To the untrained eye, it’s a harmless plant. It looks pretty and innocent with its dainty lilac flowers. But appearances are deceiving. The philcoxia minensis is a carnivorous plant with an appetite for worms. Unlike the Venus Fly Trap and pitcher plants, this plant takes the subtle approach when it kills its prey. The attack isn’t even visible to the naked eye, as it takes place underground, beneath the soil.
The rare Philcoxia minensis, which is unique to Brazil,uses its underground leaves to lure and trap roundworms. Specifically, the leaves secrete a sticky substance that allows the plant to trap and digest its prey. This is very impressive since the leaves are only 1.5 millimeters wide!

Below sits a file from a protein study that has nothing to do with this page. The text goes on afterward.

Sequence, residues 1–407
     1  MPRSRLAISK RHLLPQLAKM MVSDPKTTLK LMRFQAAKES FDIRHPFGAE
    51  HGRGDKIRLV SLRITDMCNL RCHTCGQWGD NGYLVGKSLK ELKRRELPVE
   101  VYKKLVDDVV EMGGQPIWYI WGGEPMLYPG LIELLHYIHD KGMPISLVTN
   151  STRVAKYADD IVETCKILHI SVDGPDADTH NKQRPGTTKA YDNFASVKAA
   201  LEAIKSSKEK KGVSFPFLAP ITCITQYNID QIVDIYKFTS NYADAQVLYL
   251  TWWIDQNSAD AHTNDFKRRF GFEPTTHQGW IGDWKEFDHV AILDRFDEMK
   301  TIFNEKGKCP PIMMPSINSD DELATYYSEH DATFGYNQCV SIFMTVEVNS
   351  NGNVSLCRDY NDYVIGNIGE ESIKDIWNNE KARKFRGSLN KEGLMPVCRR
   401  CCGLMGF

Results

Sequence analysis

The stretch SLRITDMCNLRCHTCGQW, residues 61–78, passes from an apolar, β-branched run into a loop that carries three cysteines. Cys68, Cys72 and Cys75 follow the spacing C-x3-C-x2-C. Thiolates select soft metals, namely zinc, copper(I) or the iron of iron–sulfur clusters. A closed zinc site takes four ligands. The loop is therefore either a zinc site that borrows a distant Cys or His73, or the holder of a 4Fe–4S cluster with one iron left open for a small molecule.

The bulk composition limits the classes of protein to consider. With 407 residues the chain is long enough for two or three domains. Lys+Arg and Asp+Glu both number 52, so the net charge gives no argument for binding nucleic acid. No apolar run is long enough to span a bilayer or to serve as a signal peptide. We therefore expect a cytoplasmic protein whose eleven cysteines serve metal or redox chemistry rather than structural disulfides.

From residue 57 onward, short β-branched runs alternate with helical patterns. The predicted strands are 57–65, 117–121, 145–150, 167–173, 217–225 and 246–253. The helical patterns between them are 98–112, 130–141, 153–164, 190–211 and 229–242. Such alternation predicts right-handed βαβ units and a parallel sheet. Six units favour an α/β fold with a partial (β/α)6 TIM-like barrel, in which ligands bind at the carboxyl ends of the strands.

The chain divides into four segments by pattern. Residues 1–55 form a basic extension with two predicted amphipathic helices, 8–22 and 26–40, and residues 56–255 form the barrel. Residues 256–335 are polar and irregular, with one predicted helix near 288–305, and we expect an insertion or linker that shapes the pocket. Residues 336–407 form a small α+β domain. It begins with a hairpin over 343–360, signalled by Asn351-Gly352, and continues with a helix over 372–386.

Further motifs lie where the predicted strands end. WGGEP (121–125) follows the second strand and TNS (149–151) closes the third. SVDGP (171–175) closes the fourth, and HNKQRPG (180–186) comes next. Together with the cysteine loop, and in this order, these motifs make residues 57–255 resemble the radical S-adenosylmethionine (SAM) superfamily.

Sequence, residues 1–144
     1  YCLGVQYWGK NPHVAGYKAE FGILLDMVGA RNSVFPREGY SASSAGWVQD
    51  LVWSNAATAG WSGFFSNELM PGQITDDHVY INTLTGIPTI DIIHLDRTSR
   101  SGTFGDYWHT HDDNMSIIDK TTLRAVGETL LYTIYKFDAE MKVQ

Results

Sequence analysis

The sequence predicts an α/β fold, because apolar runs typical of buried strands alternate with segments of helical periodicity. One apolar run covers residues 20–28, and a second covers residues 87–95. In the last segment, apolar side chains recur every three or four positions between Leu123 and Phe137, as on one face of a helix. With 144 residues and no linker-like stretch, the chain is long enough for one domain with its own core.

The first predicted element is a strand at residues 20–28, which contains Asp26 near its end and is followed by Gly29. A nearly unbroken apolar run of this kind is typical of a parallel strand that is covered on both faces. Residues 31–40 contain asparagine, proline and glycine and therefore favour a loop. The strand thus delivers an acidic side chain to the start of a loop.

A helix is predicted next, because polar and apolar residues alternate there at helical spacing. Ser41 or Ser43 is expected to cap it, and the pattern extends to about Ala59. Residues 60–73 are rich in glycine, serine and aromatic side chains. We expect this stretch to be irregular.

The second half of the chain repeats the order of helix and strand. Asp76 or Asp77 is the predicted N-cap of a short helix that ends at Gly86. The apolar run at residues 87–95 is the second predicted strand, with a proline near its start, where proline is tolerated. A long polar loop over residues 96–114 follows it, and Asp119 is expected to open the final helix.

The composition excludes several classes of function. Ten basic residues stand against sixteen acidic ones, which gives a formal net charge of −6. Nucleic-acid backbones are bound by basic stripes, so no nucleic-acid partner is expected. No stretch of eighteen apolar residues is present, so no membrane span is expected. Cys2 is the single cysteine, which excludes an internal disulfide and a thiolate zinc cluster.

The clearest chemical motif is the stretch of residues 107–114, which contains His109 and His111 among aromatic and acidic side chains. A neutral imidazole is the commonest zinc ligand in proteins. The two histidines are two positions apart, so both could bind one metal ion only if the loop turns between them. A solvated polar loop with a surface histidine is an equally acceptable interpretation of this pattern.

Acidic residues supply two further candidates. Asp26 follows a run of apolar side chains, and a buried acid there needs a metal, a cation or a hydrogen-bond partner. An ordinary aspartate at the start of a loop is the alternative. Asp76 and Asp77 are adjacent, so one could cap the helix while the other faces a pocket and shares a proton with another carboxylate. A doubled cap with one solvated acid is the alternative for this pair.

A team of scientists were able to prove that this plant is indeed carnivorous and not just absorbing nutrients from nearby decomposing worms. By injecting the worms with nitrogen isotopes and placing them on the underground leaves, after 24 hours, they found increased nitrogen levels (passed from the worms) in the plant.
It is also believed that the P. minensis may trap passing insects, but further research is needed. It is not clear if the plants attract organisms into their leaves or if prey come in contact with the leaves as they pass by and become trapped.